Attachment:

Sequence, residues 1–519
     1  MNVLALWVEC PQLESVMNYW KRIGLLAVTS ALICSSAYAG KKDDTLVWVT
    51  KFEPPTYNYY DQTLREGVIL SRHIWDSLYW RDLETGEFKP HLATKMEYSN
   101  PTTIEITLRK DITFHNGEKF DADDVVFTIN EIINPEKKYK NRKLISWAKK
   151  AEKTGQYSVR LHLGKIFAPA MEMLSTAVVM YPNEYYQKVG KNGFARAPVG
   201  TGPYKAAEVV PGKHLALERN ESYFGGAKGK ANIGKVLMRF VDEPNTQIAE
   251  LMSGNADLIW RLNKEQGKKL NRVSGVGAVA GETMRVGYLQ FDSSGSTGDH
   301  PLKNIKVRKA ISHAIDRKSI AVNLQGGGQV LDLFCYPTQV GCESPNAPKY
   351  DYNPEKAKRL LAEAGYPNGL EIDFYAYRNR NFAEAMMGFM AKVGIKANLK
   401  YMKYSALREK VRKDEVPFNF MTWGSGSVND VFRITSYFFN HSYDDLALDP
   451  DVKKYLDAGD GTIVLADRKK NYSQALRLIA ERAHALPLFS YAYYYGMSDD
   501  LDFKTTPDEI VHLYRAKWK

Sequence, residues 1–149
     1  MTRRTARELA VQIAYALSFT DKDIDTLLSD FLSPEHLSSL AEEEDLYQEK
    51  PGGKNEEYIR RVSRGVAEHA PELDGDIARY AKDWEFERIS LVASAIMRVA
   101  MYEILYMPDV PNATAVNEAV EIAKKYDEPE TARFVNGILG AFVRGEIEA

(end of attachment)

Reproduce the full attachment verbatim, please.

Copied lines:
Sequence, residues 1–519
     1  MNVLALWVEC PQLESVMNYW KRIGLLAVTS ALICSSAYAG KKDDTLVWVT
    51  KFEPPTYNYY DQTLREGVIL SRHIWDSLYW RDLETGEFKP HLATKMEYSN
   101  PTTIEITLRK DITFHNGEKF DADDVVFTIN EIINPEKKYK NRKLISWAKK
   151  AEKTGQYSVR LHLGKIFAPA MEMLSTAVVM YPNEYYQKVG KNGFARAPVG
   201  TGPYKAAEVV PGKHLALERN ESYFGGAKGK ANIGKVLMRF VDEPNTQIAE
   251  LMSGNADLIW RLNKEQGKKL NRVSGVGAVA GETMRVGYLQ FDSSGSTGDH
   301  PLKNIKVRKA ISHAIDRKSI AVNLQGGGQV LDLFCYPTQV GCESPNAPKY
   351  DYNPEKAKRL LAEAGYPNGL EIDFYAYRNR NFAEAMMGFM AKVGIKANLK
   401  YMKYSALREK VRKDEVPFNF MTWGSGSVND VFRITSYFFN HSYDDLALDP
   451  DVKKYLDAGD GTIVLADRKK NYSQALRLIA ERAHALPLFS YAYYYGMSDD
   501  LDFKTTPDEI VHLYRAKWK

Sequence, residues 1–149
     1  MTRRTARELA VQIAYALSFT DKDIDTLLSD FLSPEHLSSL AEEEDLYQEK
    51  PGGKNEEYIR RVSRGVAEHA PELDGDIARY AKDWEFERIS LVASAIMRVA
   101  MYEILYMPDV PNATAVNEAV EIAKKYDEPE TARFVNGILG AFVRGEIEA